Callings: ‘No Excuses’

Tidwell, Jones enjoy UM's educational environment, take on role as advocates for education

Kathy Tidwell (left) and Flora Jones work in the Department of Contractual Services Management in the Johnson Commons. Tidwell, who has worked for the university for 54 years, shared her passion for continuing education with Jones, who is aiming for a doctoral degree. Photo by Srijita Chattopadhyay/Ole Miss Digital Imaging Services

OXFORD, Miss. – For anyone who has a question about the University of Mississippi, Kathy Tidwell almost certainly has an answer, and, on the off chance she does not, she always knows who to ask.

Tidwell has gained her knowledge over a 54-year career at the state’s flagship institution, but she is prouder of another distinction. Her highest achievement, she said, is helping others find their passion like she did.

Tidwell graduated from Lafayette High School in 1968 with plans of leaving Oxford behind. Then she met her husband, Larry Tidwell, a college student at Ole Miss. They had known each other for years, gone to the same church, lived in the same community. But one day they saw each other in a different light, she said. 

“I met my husband, and things changed,” Tidwell said, smiling.

Tidwell decided to give Oxford a chance and, in December 1968, applied to work in men’s housing as a records clerk. Over the next 54 years, she climbed the ranks, watched the university change and took on her current position, manager of contractual services and director of university licensing.

While she worked, Tidwell also earned a Bachelor of Business Administration and two master’s degrees in education and counseling.

“It’s a learning environment,” Tidwell said. “We are allowed to take classes, and you get to meet a lot of wonderful people. I always say, ‘There’s no excuses not to go back and get your degree.'” 

In the years since, she’s encouraged everyone with whom she’s worked to earn their degrees too, said Flora Jones, administrative coordinator for contractual services management and the ID Center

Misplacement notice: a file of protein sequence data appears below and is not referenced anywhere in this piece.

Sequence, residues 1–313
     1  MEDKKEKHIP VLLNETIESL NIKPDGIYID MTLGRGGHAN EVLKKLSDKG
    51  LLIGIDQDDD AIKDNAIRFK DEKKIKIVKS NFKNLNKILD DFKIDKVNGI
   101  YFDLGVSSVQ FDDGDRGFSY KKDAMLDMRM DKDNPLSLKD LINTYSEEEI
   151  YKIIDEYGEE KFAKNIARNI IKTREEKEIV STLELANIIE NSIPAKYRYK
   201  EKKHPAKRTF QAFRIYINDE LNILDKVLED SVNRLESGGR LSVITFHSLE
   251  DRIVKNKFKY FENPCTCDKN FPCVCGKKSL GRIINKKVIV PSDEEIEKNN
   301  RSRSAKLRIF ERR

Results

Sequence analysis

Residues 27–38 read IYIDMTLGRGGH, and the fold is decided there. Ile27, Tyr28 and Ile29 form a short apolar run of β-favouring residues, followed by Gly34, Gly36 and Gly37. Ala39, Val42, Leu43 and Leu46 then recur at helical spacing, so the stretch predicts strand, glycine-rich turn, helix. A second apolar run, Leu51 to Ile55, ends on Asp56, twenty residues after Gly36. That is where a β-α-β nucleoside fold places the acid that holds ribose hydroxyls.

“Mrs. Kathy, she was just egging me on, saying, ‘You need to go back to school,'” Jones said. “She knew it was important to me because I would always talk about it, saying I was going to get back in it. She’d say, ‘Well, now’s the time.’

Kathy Tidwell

“She was that supportive in anything with education; she’s so supportive of all of her employees.” 

Jones, who had not completed her bachelor’s degree when she began working for the Department of Contractual Services Management in 2012, said Tidwell reminded her again and again that she could earn her degree while working for Ole Miss.

“Mrs. Kathy never let up,” Jones said. “She was like, ‘You’ve got to do it. There’s no excuses.’ She said, ‘You’d be crazy not to take advantage of it.'” 

In 2017, Jones completed her bachelor’s degree and crossed the graduation stage with her daughter, Jazlyn Farmer. Now, Jones has finished a master’s degree in higher education and will begin working on her doctorate in fall 2024.

“I was a first-generation student and I always said, ‘Once I get my bachelor’s, I’m done,'” Jones said. “But once I got my bachelor’s, Mrs. Kathy said, ‘You might as well keep on going. No excuses.'” 

It was Tidwell’s constant support through the years that Jones said kept her going, even when things were hard.

“I always say don’t stress so much on the small things,” Tidwell said. “The world is not going to end if you make a mistake.”

Now, Jones has done the same for her daughters, students and co-workers.

Flora Jones

“After I went back and did it, she gave that responsibility to me,” Jones said. “She said, ‘You’ve got to encourage the others to get in school. Help them do their applications or whatever they need.’

“So, that’s the role that I carry now.” 

Four of Jones’ daughters are graduates or students of Ole Miss. On most days, at least one daughter stops by contractual services to visit Jones and Tidwell and talk about their classes.

“Sometimes they get here before I do,” Jones said, laughing. “I told them they could go to any school they wanted to, but they wanted to come here.”

In 2021, Jones began teaching EDHE 105: Freshman Year Experience, where she hopes to continue to instill the lessons Tidwell and others at the university taught her.

“(Students) come from all walks of life, and some of them come and they are so terrified and scared because they are in an entirely new place and away from their parents for the first time,” Jones said.

“I tell them, ‘Anytime you feel nervous, anytime you feel scared, I’m going to be here. You’re always welcome to come over here and talk to us. If we don’t have the answer, me and Mrs. Kathy, we’re going to find it.'”